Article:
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St. Charles County moves closer to finding cellphone users in emergencies

cellphone 911Pinpointing where a 911 emergency telephone call from a cellphone comes from in St. Charles County is not an exact science.

That’s because the county’s present 911 emergency response system can’t always immediately find the source of a cellphone call – a case of new technology outpacing an older technical system.

It’s a situation expected to improve when the county’s new enhanced 911 system goes into operation later this year.

The current 911 emergency response system was designed based on the idea that most calls for help would come from land-line telephones. However, more people are using cellphones now, which cannot always indicate an exact location.

“We have the ability in a limited capacity to be able to track them down today,” said Jennifer George, the county’s assistant director of administration.

George was responding to a question from County Councilman Dave Hammond (District 4) who had asked, at the council’s Feb 23 meeting, about the county’s ability to locate 911 calls from cellphones.

George said that only one of the county’s 911 operators or Public Safety Answering Points (PSAPs), presently has the ability to find caller locations more precisely, including those using cellphones.

The county’s Dispatch and Alarm Center, which dispatches for nine fire districts, one fire department and the county Ambulance District, can use a “rebid” process to try to find data to determine a more exact location. It’s more of a “manual process” where the dispatcher can talk to callers to help in getting information from the GPS device in the cellphone, she said.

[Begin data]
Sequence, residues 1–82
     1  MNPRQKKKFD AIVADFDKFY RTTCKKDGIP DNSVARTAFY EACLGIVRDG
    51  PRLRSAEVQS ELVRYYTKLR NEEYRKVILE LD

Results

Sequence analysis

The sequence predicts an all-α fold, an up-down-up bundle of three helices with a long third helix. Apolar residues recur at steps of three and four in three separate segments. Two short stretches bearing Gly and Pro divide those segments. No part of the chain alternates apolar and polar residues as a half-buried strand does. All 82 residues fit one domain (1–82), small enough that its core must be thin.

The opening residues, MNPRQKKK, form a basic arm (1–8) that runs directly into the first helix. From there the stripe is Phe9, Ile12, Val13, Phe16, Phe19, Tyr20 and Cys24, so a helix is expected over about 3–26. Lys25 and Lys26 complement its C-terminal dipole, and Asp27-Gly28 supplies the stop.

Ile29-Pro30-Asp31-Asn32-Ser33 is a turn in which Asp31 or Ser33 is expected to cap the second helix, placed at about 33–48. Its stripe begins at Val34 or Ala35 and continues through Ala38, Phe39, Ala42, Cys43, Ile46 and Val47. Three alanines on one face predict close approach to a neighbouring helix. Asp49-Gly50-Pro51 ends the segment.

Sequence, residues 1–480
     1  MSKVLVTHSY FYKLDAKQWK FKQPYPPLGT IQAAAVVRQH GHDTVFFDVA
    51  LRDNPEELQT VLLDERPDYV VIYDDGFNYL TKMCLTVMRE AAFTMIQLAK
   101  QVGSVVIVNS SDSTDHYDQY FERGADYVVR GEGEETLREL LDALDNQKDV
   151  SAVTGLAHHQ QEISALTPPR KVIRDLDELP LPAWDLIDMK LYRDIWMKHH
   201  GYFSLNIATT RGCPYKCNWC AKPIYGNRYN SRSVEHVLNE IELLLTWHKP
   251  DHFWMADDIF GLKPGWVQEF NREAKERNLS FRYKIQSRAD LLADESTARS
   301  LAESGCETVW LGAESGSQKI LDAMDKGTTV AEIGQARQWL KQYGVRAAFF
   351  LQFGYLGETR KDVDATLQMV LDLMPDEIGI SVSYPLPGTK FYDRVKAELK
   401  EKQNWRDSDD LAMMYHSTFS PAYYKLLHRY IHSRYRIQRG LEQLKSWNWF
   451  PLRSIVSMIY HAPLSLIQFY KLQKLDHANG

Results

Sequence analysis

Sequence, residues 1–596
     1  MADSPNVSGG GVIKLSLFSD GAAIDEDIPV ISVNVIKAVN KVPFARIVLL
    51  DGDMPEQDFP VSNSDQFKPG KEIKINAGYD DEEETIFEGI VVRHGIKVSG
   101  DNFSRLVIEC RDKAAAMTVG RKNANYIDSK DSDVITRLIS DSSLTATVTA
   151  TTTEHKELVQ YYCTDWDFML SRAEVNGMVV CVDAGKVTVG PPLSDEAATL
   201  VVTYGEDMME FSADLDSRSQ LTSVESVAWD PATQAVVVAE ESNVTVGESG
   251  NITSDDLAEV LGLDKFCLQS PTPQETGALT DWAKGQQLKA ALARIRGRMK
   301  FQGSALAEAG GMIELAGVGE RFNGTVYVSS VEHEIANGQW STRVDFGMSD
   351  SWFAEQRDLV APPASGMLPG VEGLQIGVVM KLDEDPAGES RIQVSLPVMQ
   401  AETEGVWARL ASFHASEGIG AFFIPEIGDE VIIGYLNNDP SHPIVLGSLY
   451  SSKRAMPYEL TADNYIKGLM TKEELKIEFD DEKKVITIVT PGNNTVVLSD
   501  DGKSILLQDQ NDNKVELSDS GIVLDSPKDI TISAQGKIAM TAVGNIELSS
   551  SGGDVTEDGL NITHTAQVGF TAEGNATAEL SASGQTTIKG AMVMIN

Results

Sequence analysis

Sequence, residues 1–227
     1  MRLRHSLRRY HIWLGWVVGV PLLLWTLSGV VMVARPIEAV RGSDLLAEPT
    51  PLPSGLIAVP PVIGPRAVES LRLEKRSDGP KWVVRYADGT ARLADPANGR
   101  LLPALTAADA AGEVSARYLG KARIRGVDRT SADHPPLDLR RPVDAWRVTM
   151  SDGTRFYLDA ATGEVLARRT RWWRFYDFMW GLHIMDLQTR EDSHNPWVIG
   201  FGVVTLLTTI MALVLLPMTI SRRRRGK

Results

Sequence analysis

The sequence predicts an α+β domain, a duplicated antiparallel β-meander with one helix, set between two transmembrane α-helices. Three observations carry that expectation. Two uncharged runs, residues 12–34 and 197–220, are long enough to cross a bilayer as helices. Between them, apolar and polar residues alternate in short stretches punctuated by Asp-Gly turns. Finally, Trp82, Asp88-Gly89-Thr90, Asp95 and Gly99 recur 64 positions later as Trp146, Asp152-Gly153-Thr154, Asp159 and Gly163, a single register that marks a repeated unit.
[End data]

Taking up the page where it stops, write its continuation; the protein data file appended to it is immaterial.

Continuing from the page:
The county’s other PSAPs, which dispatch for police in St. Charles, St. Peters, O’Fallon, Lake Saint Louis and Wentzville, do not have the same mapping capacity presently.

Last October, the county council approved a $3,467 million bid from Emergency CallWorks, Inc., to build, deploy and operate a new 911 emergency response system for seven years.

Using the new system, George said the county’s PSAPs will be able to “automatically rebid” calls to find more exact locations. With that process, a dispatcher can see the caller’s phone number and the location of the cell tower that picks up the call. The dispatcher will have to request the caller’s GPS coordinates from the wireless carrier that operates the tower.

County officials say callers also will eventually have the ability to text 911 calls.But George said there are still issues that have to be resolved.

“Regardless of that automatic rebid that the system itself can do, that doesn’t necessarily mean your carrier is doing any better job in providing you with the capability to send back out that information,” she said.

Being able to “automatically rebid” a call doesn’t solve all those problems, she said. “There are still some hurdles on the provider side that will limit the ability of us to locate you.”

Still, county officials say the upgrade will create a single, unified system for law enforcement, fire, ambulance and public works communications that will help eliminate the gaps in service from a patchwork of systems.

But paying for it may be expensive, particularly for the county municipalities, who didn’t have to pay for providing local dispatching. Cities now have to share in that cost. George said the county must enter new intergovernmental agreements with St. Charles, St. Peters, Lake Saint Louis, Wentzville and O’Fallon that will set their costs.

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